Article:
This response is made by the Executive of the Central Council of Church Bell Ringers (CCCBR), which is the representative body for all territorial and Diocesan bellringing Guilds and Associations, responsible for ringing the bells of over 5000 Church of England churches, as well as the bells in churches of other denominations and in secular rings.
Bellringing in context
The CCCBR primarily represents those bellringers who ring with rope and wheel in the traditional English style. This is a tradition that developed after the Reformation into the practice of change ringing, or “the Exercise” as it became known. Up until late Victorian times, change ringing was essentially a secular sport, but then Victorian ‘belfry reform’ brought bellringers into order and formed the mostly Diocesan based ringing organisations we have today. Although the exact number of individual bellringers is not known, it is believed to be over 30,000.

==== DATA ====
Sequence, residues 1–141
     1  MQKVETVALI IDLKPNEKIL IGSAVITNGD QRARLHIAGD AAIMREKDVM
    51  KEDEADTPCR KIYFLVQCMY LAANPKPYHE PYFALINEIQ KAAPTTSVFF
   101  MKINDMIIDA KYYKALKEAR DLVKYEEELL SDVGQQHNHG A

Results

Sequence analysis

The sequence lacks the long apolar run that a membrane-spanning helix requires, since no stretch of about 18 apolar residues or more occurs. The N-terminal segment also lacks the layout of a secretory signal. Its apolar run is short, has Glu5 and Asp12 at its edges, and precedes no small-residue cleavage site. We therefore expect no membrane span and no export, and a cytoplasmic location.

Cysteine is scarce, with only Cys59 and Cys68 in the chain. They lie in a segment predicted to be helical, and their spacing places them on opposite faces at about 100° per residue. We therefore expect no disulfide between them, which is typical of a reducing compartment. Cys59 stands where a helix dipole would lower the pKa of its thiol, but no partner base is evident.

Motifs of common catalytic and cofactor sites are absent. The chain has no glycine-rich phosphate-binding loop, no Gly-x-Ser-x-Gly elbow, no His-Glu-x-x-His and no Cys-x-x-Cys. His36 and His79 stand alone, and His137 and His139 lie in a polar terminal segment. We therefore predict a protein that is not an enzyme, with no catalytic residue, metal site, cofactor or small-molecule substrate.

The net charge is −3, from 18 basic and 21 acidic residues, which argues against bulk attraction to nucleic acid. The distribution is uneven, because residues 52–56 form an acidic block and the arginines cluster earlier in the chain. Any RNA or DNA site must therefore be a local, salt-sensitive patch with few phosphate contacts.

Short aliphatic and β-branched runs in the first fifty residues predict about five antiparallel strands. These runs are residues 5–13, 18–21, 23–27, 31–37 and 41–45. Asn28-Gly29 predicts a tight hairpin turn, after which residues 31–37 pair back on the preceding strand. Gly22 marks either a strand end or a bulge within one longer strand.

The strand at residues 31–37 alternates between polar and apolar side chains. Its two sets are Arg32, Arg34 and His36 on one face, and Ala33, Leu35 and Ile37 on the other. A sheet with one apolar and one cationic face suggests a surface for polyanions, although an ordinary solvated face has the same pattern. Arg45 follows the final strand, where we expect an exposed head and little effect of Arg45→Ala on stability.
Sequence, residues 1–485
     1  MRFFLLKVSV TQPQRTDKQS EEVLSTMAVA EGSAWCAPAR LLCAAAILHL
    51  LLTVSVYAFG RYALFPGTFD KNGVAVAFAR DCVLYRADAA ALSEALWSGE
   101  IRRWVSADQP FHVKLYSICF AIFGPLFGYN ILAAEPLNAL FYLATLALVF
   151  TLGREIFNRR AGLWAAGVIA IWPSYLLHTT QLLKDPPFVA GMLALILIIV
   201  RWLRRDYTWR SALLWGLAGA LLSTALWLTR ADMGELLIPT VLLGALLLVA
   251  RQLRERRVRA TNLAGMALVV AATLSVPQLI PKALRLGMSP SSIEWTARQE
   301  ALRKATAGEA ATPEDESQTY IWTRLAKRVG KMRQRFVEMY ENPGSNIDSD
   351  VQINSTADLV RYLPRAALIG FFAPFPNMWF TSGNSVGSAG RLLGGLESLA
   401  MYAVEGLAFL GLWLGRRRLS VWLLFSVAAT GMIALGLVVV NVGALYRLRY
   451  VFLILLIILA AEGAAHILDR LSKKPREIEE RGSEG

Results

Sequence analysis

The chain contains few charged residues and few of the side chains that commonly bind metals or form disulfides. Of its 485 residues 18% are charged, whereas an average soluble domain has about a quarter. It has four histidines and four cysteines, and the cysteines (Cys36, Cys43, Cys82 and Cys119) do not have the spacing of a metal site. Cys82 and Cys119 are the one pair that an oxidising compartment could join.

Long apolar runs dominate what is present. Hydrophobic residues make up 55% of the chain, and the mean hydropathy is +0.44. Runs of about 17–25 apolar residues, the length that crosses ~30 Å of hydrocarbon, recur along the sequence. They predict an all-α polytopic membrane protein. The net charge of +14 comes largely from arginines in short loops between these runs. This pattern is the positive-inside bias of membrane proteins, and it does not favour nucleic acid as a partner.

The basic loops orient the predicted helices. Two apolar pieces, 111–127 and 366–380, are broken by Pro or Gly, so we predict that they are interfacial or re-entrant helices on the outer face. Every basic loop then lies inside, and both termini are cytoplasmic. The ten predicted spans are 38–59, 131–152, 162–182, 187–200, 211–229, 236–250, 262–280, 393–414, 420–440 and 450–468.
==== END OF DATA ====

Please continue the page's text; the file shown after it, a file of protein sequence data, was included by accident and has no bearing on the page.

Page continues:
While bellringing has at its heart a service to the church in calling people to worship, its success is built on a wider picture of bellringing activity. The ‘art and science’ of change ringing that keeps the majority of bellringers interested is not satisfied by just the opportunities afforded by service ringing, but relies on practices, tours, longer performances and competitions. It is a performing art, a group and social activity, a community of diverse individuals performing in teams. Without that there would probably not be enough people interested in bellringing to maintain Sunday service ringing. Some of bellringers’ desire to keep as many parish churches open as possible is because we like ringing their bells!